This table contains a list of days that are exceptions to the pattern of working and non-working days.
|Column Name||Column Description|
|CalendarName||Business calendar name to which the exception applies.|
|ExceptionIndicator||A value of 0 indicates that an ExceptionDate is a non-business day, and a value of 1 indicates that an ExceptionDate is a business day.|
|ExceptionDate||An ExceptionDate must fall within the Teradata calendar (January 1, 1900, to December 31, 2100). If the ExceptionDate is outside that period, it is not accepted.|
|ExceptionReason||The reason for the exception. For example, December 25, 2012 (a Tuesday) is normally a working day, but it is also the Christmas holiday, so the ExceptionReason is “Christmas.” The ExceptionReason may be NULL.|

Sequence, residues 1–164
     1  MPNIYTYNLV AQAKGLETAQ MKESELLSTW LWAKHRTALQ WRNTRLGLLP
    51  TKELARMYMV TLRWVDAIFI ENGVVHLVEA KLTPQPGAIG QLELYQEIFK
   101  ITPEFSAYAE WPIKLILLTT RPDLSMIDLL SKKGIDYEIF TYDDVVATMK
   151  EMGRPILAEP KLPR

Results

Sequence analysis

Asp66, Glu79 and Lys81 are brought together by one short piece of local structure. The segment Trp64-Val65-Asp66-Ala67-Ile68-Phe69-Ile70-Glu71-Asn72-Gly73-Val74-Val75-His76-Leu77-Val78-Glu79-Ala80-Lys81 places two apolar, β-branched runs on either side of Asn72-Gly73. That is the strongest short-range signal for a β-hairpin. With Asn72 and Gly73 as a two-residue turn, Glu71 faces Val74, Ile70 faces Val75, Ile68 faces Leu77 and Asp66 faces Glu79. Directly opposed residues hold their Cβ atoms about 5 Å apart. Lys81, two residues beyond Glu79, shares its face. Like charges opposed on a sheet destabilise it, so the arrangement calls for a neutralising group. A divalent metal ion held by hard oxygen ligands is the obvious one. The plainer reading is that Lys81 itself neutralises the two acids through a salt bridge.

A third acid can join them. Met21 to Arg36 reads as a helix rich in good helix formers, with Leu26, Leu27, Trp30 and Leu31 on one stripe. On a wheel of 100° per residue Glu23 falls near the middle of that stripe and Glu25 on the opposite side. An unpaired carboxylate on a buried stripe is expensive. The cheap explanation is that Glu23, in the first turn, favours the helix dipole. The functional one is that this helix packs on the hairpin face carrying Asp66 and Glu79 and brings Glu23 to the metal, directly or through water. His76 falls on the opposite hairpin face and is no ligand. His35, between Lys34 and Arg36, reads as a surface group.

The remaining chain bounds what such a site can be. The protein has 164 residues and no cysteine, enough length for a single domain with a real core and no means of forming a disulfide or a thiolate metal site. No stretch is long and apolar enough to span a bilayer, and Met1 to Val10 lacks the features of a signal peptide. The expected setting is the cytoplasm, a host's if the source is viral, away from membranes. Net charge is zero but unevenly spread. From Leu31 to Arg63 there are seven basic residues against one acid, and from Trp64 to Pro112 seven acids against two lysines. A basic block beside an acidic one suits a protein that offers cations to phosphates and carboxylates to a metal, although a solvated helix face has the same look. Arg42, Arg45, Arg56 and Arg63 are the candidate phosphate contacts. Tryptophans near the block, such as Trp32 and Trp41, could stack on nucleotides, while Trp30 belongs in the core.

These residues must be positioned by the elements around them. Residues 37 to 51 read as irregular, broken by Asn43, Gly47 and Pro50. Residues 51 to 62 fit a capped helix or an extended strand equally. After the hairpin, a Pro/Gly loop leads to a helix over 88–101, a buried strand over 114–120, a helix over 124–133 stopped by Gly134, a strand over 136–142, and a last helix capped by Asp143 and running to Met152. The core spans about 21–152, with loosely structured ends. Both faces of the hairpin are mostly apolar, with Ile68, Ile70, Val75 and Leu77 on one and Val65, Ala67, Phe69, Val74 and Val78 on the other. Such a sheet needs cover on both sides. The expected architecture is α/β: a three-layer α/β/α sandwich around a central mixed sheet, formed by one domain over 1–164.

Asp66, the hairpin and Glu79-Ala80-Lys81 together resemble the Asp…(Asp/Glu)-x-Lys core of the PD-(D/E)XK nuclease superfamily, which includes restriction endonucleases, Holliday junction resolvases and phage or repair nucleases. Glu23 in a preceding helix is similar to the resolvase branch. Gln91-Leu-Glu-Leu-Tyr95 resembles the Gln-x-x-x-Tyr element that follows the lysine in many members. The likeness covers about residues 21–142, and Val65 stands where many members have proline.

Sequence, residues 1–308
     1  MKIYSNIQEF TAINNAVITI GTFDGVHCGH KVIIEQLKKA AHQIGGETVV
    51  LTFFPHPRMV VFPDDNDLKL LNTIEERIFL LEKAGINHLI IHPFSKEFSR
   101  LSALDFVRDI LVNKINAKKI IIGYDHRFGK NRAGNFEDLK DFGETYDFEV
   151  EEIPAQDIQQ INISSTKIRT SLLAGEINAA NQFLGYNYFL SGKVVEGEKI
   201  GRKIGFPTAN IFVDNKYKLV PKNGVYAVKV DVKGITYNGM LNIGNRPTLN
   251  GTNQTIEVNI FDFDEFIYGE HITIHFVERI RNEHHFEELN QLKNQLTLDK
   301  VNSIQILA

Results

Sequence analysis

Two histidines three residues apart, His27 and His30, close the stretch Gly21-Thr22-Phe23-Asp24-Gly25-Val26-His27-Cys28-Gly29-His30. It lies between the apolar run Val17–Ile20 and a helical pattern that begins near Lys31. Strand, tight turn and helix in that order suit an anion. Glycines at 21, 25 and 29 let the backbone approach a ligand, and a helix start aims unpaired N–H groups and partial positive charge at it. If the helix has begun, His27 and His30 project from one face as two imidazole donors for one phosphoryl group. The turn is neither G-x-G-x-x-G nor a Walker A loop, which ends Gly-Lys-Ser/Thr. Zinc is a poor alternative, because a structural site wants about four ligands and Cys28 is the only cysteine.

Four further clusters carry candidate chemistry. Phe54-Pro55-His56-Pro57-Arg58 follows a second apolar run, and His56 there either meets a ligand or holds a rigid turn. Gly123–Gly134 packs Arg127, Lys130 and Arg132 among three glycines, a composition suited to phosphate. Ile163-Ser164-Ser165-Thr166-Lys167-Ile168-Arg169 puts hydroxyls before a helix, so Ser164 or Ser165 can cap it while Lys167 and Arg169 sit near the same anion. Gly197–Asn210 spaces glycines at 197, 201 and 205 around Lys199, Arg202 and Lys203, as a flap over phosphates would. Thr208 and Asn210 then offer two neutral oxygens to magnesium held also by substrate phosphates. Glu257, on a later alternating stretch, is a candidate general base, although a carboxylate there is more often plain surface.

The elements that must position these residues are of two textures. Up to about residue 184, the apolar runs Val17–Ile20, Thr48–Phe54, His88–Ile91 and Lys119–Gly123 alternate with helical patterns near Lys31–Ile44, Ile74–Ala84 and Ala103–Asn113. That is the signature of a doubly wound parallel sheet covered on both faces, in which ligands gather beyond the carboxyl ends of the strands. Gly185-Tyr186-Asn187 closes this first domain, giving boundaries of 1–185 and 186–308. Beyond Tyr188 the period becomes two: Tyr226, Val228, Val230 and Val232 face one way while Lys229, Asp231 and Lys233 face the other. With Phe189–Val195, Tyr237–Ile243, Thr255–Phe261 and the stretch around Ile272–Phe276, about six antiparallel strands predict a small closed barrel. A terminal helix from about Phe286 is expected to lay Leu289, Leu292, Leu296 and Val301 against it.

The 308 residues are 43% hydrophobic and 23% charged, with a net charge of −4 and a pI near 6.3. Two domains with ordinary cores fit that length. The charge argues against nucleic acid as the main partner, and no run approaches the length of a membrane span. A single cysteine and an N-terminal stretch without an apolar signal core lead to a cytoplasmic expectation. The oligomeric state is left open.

|CreatorName||The name of the user who created the exception.|
|CreationTime||The timestamp of the exception creation.|
- An OFF exception: A typical working day is a day off (for example, Monday, September 5, 2011, is the Labor Day holiday).
- An ON exception: A typical day off is a working day (for example, everyone at your job is required to work on Saturday, July 30, 2011).
You do not need to validate whether an OFF-exception falls on a business day and an ON-exception falls on a non-business day. Just set the exception, and specify an ExceptionReason. For example, Monday, July 4, is a holiday, but the Barbeque Bonanza store is open and your ExceptionReason is Independence Day Sale.